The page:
House approves congressional redistricting plan favored by GOP
The congressional redistricting plan Democrats are panning as gerrymandering easily passed the Oklahoma House on Wednesday.
The vote on House Bill 1102 was 75–19, with no Democrats in favor and one Republican, Collinsville Rep. Wendi Stearman, opposed.
The plan moves southern parts of Oklahoma City with large Hispanic populations into the mainly rural Third District, which stretches from the panhandle to Osage County. Those parts of Oklahoma City are replaced with heavily conservative areas that make the Fifth District less competitive.
"Just because this process is the most transparent it's ever been, it does not mean that it's good enough. So, when I come to you as an elected representative of a historically disadvantaged area and tell you that these congressional maps will hurt my community, that they are textbook gerrymandering and an attempt to dilute the influence of the minority community that I belong to, I sure hope you're listening," said Rep. José Cruz, who's among the Oklahoma City lawmakers with a district being moved.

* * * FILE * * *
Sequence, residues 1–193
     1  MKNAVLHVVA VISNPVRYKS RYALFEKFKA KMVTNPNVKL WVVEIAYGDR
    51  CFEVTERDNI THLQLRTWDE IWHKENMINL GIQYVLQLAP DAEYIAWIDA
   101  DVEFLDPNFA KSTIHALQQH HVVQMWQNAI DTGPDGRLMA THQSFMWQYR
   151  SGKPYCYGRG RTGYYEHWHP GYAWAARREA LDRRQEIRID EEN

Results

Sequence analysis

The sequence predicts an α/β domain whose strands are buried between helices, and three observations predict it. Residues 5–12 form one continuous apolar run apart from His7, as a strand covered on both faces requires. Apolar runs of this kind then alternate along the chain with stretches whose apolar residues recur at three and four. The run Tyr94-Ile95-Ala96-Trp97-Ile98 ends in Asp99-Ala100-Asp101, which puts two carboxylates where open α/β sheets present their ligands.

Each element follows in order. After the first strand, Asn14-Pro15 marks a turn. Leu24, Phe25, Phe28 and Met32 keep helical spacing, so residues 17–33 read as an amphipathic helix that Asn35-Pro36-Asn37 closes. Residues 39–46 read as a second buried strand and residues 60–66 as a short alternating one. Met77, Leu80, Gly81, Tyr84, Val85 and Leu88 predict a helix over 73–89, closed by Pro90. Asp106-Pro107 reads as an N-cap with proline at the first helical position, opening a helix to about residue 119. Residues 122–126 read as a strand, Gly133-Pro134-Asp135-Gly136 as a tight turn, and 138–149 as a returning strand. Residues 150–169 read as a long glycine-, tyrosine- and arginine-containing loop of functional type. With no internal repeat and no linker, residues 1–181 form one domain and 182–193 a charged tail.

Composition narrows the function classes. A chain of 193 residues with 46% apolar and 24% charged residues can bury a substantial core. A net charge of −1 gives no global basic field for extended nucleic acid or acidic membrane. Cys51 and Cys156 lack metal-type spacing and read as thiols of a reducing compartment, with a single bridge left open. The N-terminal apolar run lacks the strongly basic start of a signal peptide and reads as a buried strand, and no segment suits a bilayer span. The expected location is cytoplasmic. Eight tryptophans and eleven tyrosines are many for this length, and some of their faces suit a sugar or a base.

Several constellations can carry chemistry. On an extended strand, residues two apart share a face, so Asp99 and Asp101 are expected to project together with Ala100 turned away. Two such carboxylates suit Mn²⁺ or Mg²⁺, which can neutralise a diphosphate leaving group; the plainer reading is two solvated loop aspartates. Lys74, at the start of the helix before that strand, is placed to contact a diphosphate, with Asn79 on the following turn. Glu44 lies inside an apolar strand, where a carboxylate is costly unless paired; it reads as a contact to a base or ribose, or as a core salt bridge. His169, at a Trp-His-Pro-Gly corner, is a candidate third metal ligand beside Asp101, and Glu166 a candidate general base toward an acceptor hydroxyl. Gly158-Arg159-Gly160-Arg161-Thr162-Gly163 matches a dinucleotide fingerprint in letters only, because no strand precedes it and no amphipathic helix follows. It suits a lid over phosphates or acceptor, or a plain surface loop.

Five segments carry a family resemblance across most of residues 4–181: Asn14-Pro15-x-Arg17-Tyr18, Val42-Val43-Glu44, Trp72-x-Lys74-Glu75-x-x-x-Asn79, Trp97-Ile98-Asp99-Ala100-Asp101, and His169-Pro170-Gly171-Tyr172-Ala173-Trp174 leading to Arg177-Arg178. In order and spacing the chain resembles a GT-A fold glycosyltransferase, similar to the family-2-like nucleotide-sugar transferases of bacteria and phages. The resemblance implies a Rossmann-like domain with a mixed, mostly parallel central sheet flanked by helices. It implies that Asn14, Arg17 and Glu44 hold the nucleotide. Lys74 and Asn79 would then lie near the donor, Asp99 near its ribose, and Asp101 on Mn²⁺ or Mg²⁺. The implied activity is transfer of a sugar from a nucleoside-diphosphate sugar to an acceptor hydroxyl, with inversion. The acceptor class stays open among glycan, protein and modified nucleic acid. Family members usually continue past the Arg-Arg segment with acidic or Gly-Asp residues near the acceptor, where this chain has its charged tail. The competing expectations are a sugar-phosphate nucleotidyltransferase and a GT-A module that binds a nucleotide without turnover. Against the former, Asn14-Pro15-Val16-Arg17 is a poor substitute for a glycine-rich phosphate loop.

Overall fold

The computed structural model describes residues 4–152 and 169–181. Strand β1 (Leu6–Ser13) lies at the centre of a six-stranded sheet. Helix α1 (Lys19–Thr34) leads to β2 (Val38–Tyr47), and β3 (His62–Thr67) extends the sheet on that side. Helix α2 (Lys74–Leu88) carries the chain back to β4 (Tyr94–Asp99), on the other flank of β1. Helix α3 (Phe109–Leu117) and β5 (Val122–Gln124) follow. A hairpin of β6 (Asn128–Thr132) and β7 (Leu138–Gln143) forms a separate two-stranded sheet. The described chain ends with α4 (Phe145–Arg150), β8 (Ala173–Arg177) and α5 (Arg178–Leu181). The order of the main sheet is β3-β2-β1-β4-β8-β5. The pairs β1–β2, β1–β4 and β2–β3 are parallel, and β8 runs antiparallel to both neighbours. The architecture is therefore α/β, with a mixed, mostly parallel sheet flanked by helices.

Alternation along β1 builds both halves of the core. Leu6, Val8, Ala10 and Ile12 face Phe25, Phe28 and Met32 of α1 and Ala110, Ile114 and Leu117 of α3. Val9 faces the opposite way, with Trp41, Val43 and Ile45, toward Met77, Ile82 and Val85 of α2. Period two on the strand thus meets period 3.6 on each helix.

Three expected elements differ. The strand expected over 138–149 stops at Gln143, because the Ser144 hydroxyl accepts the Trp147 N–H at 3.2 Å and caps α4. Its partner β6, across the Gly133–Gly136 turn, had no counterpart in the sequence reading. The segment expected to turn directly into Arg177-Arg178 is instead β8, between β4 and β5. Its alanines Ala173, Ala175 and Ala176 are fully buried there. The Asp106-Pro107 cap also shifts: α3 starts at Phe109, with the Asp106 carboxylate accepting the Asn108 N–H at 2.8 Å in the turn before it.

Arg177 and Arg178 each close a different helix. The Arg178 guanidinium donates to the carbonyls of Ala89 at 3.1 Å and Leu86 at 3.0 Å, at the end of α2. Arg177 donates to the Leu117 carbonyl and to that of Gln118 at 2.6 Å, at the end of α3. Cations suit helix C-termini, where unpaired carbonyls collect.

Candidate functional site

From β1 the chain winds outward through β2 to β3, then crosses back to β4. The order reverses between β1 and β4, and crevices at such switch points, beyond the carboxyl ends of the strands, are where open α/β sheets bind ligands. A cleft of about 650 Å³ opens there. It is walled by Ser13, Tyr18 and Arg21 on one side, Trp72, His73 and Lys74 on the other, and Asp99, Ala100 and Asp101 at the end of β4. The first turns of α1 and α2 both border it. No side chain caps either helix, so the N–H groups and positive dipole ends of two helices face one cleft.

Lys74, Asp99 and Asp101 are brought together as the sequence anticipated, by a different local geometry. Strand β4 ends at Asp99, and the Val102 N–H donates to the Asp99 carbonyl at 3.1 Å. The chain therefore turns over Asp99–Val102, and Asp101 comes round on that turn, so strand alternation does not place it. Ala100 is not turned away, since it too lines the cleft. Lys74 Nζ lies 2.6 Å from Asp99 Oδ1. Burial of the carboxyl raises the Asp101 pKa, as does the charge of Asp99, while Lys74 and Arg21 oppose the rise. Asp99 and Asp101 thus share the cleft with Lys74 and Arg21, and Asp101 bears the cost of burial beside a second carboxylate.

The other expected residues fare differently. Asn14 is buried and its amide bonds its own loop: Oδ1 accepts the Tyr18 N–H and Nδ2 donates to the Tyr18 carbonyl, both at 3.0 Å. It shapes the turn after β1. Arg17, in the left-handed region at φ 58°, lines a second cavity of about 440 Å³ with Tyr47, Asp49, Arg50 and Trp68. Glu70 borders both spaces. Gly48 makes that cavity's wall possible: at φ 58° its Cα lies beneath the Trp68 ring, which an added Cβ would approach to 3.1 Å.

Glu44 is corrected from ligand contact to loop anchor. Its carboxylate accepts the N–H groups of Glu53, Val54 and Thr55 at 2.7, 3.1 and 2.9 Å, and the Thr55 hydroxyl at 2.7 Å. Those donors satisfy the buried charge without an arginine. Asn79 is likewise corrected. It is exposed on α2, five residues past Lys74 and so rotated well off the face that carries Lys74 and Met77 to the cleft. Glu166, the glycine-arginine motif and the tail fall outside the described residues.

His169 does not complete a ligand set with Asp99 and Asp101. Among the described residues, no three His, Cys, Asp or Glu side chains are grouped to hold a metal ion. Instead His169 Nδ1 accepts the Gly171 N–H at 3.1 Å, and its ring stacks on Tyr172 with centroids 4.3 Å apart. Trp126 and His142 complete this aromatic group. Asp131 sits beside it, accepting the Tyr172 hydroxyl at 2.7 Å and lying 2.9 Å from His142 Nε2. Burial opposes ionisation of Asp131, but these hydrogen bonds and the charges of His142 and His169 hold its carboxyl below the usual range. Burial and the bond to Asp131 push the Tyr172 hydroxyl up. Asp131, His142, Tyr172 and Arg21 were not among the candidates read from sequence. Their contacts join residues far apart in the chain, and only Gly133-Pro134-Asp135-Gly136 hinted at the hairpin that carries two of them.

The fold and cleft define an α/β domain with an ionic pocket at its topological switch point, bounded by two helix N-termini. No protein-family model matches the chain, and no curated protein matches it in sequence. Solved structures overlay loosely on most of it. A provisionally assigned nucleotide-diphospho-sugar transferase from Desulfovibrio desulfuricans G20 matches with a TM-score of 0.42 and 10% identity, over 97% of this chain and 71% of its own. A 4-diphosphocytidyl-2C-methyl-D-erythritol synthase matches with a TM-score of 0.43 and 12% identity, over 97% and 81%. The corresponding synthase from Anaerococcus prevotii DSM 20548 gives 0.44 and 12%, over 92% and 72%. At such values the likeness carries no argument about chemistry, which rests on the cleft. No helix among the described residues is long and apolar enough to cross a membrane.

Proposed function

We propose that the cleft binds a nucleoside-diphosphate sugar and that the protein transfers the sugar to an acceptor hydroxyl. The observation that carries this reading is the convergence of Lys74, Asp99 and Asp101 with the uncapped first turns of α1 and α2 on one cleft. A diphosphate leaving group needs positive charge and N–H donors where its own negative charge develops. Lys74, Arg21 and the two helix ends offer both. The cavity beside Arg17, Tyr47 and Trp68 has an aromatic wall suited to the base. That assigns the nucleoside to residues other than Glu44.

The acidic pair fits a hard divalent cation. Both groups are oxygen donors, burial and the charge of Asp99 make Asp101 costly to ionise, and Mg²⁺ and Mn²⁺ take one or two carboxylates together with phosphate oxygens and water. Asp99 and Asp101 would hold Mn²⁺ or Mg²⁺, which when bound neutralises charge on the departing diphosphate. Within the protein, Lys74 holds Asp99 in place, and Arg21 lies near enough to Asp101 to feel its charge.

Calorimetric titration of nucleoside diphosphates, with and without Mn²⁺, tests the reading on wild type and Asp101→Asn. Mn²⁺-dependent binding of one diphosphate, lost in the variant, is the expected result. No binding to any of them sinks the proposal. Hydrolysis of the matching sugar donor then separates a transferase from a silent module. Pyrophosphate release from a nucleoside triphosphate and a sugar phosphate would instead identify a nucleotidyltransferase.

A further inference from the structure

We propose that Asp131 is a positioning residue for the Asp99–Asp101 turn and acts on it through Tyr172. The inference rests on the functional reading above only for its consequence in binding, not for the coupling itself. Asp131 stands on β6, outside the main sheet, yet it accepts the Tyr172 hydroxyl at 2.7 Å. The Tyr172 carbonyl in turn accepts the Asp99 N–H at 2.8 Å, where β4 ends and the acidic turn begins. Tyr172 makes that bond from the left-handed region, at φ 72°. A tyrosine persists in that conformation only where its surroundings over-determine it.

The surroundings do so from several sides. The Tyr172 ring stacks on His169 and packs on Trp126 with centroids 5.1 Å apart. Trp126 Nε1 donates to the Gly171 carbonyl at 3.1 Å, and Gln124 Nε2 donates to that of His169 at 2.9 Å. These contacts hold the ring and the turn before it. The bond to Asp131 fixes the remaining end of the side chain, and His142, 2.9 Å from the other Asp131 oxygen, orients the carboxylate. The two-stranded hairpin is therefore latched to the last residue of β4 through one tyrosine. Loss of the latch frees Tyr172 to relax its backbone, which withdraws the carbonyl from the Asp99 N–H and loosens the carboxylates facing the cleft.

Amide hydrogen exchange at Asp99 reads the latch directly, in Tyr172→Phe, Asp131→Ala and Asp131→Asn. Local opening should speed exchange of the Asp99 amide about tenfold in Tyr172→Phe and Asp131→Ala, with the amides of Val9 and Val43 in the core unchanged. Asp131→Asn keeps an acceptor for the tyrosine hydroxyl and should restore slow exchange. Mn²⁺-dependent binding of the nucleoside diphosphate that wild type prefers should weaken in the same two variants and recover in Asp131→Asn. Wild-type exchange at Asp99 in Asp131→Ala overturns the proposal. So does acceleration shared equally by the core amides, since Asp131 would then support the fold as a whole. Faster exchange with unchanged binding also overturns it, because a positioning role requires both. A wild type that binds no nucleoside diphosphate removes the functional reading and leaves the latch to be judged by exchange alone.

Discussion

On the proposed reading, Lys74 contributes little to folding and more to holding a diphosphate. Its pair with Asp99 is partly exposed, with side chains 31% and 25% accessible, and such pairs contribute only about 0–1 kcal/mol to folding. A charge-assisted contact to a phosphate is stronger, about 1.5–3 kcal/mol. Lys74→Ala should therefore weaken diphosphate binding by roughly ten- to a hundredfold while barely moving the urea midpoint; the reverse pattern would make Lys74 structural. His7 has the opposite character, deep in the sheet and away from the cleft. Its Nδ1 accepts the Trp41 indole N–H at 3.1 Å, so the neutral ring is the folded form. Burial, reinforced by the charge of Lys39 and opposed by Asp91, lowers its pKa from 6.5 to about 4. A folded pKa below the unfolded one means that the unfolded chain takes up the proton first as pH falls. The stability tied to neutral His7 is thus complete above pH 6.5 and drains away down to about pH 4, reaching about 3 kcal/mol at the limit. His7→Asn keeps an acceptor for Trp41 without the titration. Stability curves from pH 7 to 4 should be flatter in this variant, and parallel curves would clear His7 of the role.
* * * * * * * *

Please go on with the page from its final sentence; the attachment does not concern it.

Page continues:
Cruz’s constituents would be in the same congressional district as Rep. John Pfeiffer’s (R-Orlando). He debated for the bill after Cruz spoke against it.
"I think we've found ourselves at a crossroads with — at least I have — with people saying, 'You didn't listen to me,' and what they're really meaning is, 'You didn't do exactly what I wanted you to do,'" Pfeiffer said.
Rep. Forrest Bennett took issue with a Republican leader’s claim that his Oklahoma City House district and Guymon actually have things in common, like large Spanish-speaking populations.
"And the number of times I get accused of identity politics, and this is what we're talking about? The Hispanic community is not monolithic. They don't just care about whether or not you can speak Spanish. They care about jobs, public safety, schools," Bennett said.
House Redistricting Chair Ryan Martinez was among the Republican lawmakers defending the proposal as protecting diversity, because all five congressional districts have urban and rural areas.
"I do think it would behoove Oklahomans to have somebody in Congress that represents them that has to take urban interests into account as well as rural interests. I know I want that, because guess what? Oklahoma is a rural/urban/suburban state," Martinez said.
The redistricting proposal now goes to the Senate. The legislature is on track to conclude its special session on redistricting by the end of the week.